A recent study reports that only a small fraction of substance abuse treatment facilities provide specialized services for the lesbian, gay, bisexual, and transgender community, and that the majority of those are privately run.
A recent study by the Substance Abuse and Mental Health Services Administration (SAMHSA) reports that only a small fraction (6%) of substance abuse treatment facilities provide specialized services for the lesbian, gay, bisexual, and transgender (LGBT) community and the majority of those are privately run. The study revealed that of 13,688 facilities surveyed, only 777 offered specialized treatment programs for LGBTs. Of that group, a comparison was made between private and federal or state programs. It was found that more privately owned facilities (7%) focused on LGBTs versus government programs (2.6%).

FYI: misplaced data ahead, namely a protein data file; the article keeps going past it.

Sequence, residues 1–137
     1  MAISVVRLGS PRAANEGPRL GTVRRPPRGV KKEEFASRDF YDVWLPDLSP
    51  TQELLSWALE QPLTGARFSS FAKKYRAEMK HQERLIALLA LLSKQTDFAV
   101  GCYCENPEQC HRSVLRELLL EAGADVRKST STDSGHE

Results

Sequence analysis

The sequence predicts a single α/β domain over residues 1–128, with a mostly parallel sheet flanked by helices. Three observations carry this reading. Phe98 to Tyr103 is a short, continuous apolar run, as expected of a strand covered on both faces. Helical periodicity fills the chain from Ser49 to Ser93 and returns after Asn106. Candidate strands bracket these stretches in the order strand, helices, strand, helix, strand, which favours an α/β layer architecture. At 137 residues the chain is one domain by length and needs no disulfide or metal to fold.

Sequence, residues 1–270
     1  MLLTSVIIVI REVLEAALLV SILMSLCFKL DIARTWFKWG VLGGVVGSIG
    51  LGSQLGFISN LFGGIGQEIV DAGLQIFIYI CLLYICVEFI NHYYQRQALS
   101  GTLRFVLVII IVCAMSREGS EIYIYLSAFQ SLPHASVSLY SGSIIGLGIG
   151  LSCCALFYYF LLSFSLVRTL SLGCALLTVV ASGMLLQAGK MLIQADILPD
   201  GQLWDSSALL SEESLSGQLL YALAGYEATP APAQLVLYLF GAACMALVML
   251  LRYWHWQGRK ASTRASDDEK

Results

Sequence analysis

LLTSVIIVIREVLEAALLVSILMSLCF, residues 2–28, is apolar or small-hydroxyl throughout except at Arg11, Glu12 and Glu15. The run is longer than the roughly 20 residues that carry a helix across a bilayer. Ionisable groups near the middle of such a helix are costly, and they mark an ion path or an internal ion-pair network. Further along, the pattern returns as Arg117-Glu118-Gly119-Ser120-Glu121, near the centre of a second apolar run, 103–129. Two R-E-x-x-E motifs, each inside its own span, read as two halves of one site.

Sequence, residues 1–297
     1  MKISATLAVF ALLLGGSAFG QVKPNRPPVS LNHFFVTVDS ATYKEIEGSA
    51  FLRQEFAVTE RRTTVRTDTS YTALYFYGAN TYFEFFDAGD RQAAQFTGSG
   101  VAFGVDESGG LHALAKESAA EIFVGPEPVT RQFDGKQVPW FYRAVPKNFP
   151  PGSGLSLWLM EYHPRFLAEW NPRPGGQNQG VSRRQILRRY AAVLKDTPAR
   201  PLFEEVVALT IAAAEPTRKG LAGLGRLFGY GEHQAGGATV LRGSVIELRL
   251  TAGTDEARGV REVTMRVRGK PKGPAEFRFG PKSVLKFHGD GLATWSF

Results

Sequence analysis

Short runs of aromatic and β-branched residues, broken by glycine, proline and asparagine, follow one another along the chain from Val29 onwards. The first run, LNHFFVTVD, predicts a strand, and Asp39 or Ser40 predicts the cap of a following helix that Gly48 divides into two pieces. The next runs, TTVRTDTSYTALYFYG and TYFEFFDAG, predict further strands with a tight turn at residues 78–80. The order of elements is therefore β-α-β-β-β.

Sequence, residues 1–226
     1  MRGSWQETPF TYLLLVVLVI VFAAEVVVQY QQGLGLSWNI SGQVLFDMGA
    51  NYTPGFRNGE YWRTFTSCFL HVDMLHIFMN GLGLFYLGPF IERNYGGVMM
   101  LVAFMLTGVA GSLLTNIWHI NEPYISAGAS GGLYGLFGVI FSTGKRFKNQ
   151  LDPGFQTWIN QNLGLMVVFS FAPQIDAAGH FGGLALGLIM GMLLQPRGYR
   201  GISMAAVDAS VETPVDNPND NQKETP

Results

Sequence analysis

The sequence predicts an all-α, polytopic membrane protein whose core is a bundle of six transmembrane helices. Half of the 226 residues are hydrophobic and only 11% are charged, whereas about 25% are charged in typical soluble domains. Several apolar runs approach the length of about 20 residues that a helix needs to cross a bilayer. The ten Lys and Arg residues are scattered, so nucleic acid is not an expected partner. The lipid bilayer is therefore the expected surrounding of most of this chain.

The Substance Abuse Treatment Programs for Gays and Lesbians study (2010) was supported by data from the National Survey of Substance Abuse Treatment Services (2008). It was designed to measure the need for behavioral health programs for service providers and policy makers and is part of SAMSHA’s strategic initiative on data, outcomes, and quality. Some data suggest that anywhere from 20% to 30% of the LGBT population may suffer from substance abuse disorders, so more specialized programs that serve this community are indicated.
Details available at:http://www.samhsa.gov/newsroom/advisories/1006225100.aspxhttp://oas.samhsa.gov/spotlight/Spotlight004GayLesbians.pdfRelated content:Adolescents Raised by Lesbians Found to Be Doing Just FineThe Facts About Violence Against Historically Disadvantaged Persons